Allman Brothers BandThen there’s Jazz. Jazz, in my view, represents the independent American mentality applied to music. People wanted to play what they wanted to play, and wanted to hear what they wanted to hear. It’s improv, blending, mixing things up, and doing what you want. It’s throwing away musical convention, just like we threw away monarchial convention. We tossed out the King and made our own government, then we tossed out musical conformity and made our own Jazz. It’s the Declaration of Indepence set to music.

All of rock’s “early influences” were masters of these forms of music: Robert Johnson, Leadbelly, Woody Guthrie, Hank Williams, Bill Monroe, Louis Jordan, Elmore James. But it took something else, something more. It took the lightning strike known as Capitalism to give Rock & Roll life. It took people like Alan Freed and Ahmet Erteghun and Jerry Wexler to realize that money could be made, people who had the savvy to prop up firebrands like Elvis Presley and Jerry Lee Lewis and make all this roughshod music palatable to the young masses and their disposable income. Only in America could art be turned into something so immensely popular, and therefore immensely profitable.

George ClintonRock has then been changed and modified and altered by so much more since then: the injustice of the Vietnam War draft, the poverty of inner cities, the rebellion of angsty white suburbanite teens, plus America’s penchant to abuse mind-altering substances …. All of these things are, again, uniquely attributable to the U.S. and the unique mix (or train wreck, if you prefer) of our culture.

Now I know some (er, most?) will shout back “but what about the Beatles or the Stones or Led Zepplin, asswipe? These are Brits who revolutionized rock!”. Well, yes, that’s true. But all of these bands will tell you themselves that they got into rock because of Muddy Waters, or Bo Diddly, or Buddy Holly. Besides, just as the U.S. is a nation of immigrants, so too is rock a music of immigrants. Artists from all over the world have morphed and shaped rock to suit their needs, and have influenced other artists in return. It’s a great melting pot of music styles and cultures.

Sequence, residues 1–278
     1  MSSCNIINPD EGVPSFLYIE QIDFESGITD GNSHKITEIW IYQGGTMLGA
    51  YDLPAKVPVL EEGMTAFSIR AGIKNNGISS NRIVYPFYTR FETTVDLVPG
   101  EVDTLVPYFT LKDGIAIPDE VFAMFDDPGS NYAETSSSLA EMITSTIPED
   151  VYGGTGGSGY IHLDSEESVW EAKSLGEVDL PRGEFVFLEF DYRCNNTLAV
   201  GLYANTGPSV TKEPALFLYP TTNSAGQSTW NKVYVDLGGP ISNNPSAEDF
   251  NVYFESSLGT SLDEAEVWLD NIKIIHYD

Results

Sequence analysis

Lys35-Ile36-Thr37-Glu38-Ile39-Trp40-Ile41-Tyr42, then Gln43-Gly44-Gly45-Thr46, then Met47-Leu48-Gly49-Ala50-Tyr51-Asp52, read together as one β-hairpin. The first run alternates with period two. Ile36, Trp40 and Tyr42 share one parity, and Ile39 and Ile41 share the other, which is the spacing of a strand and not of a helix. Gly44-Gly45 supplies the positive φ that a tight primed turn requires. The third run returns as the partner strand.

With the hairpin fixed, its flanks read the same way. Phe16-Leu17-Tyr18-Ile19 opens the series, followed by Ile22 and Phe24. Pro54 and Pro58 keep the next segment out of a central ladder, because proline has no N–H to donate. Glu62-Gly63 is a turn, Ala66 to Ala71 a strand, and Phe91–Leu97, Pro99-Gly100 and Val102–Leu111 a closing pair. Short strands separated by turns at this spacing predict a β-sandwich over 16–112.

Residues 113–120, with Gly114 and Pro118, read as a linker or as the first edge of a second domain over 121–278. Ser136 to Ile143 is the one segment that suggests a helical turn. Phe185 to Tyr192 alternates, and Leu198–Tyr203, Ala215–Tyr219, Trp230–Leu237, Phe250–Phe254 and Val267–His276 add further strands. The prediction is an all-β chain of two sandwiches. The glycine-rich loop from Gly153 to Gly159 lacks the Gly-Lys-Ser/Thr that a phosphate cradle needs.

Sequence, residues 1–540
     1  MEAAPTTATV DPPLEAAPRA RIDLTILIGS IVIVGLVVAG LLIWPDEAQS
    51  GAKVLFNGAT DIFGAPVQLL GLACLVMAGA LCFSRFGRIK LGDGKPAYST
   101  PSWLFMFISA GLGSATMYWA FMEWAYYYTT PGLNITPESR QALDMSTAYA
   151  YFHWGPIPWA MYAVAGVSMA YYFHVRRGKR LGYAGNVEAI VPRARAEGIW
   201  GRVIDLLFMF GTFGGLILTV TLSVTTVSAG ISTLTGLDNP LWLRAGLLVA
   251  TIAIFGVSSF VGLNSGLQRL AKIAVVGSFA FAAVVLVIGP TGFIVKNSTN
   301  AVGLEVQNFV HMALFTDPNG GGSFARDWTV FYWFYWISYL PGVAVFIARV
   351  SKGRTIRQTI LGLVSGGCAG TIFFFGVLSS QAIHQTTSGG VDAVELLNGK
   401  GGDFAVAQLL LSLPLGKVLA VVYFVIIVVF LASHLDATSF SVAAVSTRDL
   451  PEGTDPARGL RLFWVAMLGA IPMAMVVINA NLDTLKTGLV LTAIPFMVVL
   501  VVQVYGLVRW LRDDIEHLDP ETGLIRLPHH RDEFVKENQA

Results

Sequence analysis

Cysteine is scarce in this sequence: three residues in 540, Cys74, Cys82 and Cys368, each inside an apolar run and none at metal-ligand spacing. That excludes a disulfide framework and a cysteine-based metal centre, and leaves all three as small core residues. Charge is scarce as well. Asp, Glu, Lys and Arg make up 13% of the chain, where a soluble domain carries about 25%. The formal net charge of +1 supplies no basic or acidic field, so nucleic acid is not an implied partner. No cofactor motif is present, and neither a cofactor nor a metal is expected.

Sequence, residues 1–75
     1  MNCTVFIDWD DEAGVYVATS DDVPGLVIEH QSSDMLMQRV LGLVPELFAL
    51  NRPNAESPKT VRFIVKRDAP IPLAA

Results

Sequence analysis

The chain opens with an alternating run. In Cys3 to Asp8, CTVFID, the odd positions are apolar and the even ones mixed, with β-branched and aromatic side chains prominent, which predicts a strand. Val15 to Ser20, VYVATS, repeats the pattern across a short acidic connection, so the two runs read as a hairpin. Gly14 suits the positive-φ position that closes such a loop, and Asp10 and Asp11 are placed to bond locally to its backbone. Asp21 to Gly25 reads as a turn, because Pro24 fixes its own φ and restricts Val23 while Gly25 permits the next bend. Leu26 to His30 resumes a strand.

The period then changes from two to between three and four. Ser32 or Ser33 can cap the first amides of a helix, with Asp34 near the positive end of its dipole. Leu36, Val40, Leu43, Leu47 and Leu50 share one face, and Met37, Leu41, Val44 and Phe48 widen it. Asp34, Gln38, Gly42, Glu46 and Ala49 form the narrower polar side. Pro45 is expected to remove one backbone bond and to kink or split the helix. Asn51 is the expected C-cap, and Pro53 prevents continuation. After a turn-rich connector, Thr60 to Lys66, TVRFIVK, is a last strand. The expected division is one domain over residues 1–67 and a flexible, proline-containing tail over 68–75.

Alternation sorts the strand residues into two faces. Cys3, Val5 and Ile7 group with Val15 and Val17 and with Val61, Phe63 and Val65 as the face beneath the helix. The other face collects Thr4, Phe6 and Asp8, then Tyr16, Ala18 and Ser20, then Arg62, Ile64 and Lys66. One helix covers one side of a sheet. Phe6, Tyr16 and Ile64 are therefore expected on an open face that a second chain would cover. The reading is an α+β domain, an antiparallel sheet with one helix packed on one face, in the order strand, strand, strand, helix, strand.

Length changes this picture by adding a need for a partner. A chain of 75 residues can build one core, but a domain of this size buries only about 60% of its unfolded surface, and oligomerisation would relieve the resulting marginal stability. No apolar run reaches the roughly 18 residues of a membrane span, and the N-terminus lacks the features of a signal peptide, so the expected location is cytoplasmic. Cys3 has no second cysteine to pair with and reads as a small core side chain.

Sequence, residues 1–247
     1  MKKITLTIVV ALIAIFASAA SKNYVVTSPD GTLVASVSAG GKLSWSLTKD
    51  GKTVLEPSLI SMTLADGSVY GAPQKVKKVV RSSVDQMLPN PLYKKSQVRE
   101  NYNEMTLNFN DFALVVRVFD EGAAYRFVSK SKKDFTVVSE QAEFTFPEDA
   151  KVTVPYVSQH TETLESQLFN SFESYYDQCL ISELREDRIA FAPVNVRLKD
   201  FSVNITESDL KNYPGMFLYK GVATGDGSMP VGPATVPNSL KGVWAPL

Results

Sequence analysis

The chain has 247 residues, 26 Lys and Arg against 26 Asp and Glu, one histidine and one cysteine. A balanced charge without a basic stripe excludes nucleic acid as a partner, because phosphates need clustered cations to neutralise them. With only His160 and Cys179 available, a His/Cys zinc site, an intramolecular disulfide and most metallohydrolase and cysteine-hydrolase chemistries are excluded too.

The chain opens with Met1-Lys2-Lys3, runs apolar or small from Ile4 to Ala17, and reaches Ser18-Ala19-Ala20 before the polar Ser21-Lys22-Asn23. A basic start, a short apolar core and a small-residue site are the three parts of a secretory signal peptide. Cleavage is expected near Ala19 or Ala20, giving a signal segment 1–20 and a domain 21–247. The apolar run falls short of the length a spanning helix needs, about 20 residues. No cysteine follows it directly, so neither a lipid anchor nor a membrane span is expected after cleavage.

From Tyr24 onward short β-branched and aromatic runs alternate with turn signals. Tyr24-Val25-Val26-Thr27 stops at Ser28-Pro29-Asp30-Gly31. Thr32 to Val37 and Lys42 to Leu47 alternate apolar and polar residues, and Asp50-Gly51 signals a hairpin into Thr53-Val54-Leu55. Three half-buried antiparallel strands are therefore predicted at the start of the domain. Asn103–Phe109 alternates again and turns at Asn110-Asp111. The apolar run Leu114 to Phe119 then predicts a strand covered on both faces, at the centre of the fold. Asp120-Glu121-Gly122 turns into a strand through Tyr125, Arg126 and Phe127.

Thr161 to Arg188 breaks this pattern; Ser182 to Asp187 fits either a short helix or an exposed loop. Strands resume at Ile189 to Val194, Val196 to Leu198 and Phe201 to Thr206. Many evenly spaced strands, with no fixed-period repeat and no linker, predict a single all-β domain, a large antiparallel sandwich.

I highly recommend going to the Rock Hall. It does a great job showing the continuing evolution of a great, rebellious art form, a form of music whose greatest contribution is giving convention the big middle finger.

[Only the picture of the Rock Hall is mine. The others are from allmusic.com, a great web site for music research. Copyrights apply in some cases, this is a not-for-profit blog so I think it’s OK here. I’m sure lawyers will call if it ain’t :-P.]



Rock & Roll Hall of Fame and Museum


Looking for college credits?

Google map to RRHOFM

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Who Cares National Park

Poor Cuyahoga: the Park of No Love. The great national parks (Yellowstone, Yosemite, Grand Canyon, Olympic, Acadia, all the others) have huge amounts of visitors and worldwide acclaim. They have spectacular geologies or magnificent trees or rare wildlife. Everyone knows their names, knows what they are about. But no one cares about a little strip of land on a forgotten river nestled between two Rust Belt cities, a little strip of land known as Cuyahoga Valley National Park.